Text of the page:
With February being the month of love, we decided to look at the similarities between online dating and recruiting.
Online dating is becoming increasingly popular and everyone knows that first impressions count for a lot. People look to personal profiles to decide who they want to take on a date. But how many soulmates have missed their shot at love by not giving enough time to a profile and focussing too much on looks? With the likes of websites , such as LinkedIn, encouraging users to add a profile picture – are we using the same ‘looks first’ approach to finding a potential candidate and missing out on the ‘no-profile picture’ perfect hire?
The advice here might not be groundbreaking, but it’s advice that shouldn’t be overlooked, when following it could save you a pretty penny. With the CIPD estimating that at least £8,000 is lost per ‘bad hire’, employing the wrong person is not something that is financially feasible to any business. Plenty of care should therefore go into finding the right fit for you.
Comb the CV
Employers are starting to have the same online access to potential hires as someone looking to find a partner. LinkedIn offers recruiters the option to view their Candidate’s professional profile, while Twitter and Facebook offer further insights into their jobseeker’s psyche. It is up to the Candidate to catch the Employer’s attention and the Employer’s role to weed out the information they need. This is why, just like the ‘adventurer’ dating type might be looking out for a token gap year mention, extra care should be taken to make sure you’re not missing that key CV ingredient.
Any hidden dealbreakers?
Read and re-read their application. It is very easy to gloss over a CV, especially if you’ve had a pile of applications to work through, but the ones that you have chosen to take to the next stage need extra attention. They may have the relevant experience, but there may also be elements you might be missing or that need further enquiry. Are there gaps in their work history? You might be more inclined to find out why this was and what they filled this time doing. Have they got a habit of staying in jobs for only a few months before moving on? It all depends on what you value in an employee as to who you invite to the interview stage.
Have they made the effort?
Also, much like the frustrating opener equivalent of ‘Hi, how are you?’, see if their covering letter sounds original and catered for your role or if it looks like a generic, blanket approach that they have just fired off to all and sundry. You want to make sure you are singling people out who have a passion for your business and real desire to work for you. This goes a long way to establishing potential longevity at your company and intent to progress within the business, rather than for example, using an entry level job as a stepping stone to break into a different company more aligned with the interests they’ve listed on their CV that you may have missed. This is where someone with less experience, but with a passion for your business, could actually be the better choice than someone with experience, but who appears to jump from company to company.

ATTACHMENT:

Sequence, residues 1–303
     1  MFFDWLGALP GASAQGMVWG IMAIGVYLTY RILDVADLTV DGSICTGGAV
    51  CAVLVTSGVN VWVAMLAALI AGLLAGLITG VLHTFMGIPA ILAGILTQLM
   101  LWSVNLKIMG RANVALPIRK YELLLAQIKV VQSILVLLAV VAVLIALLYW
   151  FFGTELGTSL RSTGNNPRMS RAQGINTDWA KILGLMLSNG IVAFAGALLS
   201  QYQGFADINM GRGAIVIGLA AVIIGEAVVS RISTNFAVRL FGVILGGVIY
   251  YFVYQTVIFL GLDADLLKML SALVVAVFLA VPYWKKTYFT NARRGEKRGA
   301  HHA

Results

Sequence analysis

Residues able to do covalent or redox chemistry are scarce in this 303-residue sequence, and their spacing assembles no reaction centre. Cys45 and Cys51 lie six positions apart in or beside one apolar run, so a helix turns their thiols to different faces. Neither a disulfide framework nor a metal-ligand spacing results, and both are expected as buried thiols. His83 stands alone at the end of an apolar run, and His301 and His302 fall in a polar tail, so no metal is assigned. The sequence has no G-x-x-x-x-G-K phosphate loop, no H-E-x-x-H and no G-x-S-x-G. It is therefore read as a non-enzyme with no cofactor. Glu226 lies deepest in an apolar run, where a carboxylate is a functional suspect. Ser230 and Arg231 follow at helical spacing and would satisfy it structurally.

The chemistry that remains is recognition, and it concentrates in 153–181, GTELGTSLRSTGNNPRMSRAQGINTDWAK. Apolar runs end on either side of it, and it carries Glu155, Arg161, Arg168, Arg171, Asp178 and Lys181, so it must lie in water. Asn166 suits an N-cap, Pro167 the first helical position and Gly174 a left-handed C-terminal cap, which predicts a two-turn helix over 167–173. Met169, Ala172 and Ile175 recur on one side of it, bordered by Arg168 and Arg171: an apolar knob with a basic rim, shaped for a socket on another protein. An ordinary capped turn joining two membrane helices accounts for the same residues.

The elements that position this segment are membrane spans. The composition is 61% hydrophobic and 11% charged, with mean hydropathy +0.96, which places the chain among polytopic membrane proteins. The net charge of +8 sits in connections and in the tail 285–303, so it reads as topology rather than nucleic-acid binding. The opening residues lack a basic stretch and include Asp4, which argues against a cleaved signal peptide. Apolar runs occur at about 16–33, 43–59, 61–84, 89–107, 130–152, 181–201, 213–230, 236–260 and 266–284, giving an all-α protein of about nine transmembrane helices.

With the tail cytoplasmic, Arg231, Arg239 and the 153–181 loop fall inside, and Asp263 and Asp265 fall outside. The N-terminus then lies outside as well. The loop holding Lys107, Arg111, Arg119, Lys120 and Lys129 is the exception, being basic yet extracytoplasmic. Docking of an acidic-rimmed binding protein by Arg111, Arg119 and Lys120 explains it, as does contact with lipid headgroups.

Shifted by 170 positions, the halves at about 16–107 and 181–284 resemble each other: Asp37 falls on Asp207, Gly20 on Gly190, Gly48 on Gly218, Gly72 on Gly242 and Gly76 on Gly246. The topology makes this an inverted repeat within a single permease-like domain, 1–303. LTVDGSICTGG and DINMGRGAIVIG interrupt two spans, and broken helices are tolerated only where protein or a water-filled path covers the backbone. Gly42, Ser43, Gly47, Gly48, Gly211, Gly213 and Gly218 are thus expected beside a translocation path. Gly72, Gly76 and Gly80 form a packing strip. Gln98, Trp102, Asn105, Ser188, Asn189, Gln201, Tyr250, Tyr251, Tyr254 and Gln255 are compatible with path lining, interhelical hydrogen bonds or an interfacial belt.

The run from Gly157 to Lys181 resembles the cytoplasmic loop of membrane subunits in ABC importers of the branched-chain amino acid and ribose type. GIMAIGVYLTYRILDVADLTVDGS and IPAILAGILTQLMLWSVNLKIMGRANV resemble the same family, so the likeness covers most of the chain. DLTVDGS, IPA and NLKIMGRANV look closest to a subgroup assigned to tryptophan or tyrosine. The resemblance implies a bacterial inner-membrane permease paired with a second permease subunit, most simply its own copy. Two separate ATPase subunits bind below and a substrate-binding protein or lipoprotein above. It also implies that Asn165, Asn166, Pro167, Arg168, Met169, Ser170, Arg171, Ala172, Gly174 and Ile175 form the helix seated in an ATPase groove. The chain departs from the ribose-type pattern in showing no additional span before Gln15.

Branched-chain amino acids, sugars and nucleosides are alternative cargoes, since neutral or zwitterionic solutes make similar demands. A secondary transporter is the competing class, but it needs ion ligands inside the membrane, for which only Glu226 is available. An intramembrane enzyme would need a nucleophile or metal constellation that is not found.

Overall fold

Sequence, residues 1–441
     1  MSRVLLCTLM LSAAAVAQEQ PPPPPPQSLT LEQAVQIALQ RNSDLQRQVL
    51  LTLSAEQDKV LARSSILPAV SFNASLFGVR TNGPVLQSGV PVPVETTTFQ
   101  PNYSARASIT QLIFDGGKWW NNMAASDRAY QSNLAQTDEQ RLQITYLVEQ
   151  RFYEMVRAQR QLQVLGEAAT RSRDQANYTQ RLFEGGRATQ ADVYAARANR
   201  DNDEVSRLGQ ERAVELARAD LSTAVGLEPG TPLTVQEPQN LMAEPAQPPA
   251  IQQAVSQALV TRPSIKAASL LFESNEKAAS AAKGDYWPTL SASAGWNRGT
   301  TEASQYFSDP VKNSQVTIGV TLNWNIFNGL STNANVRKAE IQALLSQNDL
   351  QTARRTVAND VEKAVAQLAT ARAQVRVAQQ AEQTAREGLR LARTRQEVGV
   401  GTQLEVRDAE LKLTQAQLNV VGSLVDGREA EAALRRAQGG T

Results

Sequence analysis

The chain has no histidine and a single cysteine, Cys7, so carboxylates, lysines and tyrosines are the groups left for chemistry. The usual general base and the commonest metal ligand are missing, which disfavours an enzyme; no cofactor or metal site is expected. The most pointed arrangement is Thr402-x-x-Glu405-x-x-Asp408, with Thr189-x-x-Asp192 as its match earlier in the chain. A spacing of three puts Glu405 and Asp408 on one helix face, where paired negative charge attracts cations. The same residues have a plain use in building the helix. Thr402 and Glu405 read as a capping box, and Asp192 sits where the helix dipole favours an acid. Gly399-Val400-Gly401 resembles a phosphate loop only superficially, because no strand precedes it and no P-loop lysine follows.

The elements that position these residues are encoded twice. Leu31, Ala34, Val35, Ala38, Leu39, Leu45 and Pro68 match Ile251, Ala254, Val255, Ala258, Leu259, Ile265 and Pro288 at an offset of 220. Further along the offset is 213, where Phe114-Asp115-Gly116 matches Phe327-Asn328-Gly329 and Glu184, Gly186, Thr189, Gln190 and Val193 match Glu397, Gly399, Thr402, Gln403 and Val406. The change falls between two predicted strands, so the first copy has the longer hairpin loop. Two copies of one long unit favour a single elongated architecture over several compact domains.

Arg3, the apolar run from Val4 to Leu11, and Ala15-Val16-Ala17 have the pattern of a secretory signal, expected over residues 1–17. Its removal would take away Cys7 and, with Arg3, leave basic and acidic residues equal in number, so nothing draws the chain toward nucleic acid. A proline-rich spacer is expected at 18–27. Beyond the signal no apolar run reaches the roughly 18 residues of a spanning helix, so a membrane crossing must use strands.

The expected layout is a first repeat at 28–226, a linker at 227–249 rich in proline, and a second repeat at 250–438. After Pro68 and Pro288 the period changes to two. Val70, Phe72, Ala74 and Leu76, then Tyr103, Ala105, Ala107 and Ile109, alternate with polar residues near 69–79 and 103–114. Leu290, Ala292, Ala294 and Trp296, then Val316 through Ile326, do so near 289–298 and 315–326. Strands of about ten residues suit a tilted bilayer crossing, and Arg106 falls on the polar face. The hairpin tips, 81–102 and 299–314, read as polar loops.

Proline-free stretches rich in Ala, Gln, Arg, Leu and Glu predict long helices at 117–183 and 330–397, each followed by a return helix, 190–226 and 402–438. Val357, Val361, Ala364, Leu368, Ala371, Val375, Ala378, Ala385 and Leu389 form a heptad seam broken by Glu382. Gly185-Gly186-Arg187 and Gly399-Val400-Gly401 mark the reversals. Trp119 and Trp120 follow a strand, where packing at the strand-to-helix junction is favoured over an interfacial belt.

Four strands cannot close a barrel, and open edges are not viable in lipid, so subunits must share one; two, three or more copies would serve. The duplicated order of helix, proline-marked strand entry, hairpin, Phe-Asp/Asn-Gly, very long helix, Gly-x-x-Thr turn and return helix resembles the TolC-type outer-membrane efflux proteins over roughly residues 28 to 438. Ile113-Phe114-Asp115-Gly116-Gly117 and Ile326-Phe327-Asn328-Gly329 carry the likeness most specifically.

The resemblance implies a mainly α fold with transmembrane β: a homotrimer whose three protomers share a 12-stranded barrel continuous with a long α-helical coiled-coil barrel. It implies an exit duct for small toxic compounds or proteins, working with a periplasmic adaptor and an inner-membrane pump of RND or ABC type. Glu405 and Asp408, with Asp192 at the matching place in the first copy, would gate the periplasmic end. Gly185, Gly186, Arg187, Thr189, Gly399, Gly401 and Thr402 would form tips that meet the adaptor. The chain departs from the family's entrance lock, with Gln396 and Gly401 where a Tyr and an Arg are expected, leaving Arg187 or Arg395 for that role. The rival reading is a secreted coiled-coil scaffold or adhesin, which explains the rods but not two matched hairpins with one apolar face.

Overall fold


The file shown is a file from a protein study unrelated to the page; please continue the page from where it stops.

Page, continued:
Meeting the team
Also, making sure a person fits in with the company is of great importance to keeping your business as dynamic and fresh as possible. Think of this in a similar vein to how you’d imagine a potential partner fitting in with your friends, and ask about hobbies and interests rather than solely rating their interview performance on past experience. Think about the values you have as a company and look to align yourself with prospective employees in the same ilk. If a candidate is looking for a company with a hands-on approach to management and likes to have clear and consistent tasks every day, but your style is to let a proactive employee manage their own workload, even if they seem great in other respects it probably isn’t going to work out in the long run.
In short, just like in the online dating world, it is all about knowing what you want and being on the right side of picky in order to get it. But remembering to keep that open mind for when an unexpected curve ball appears that could be too valuable to ignore.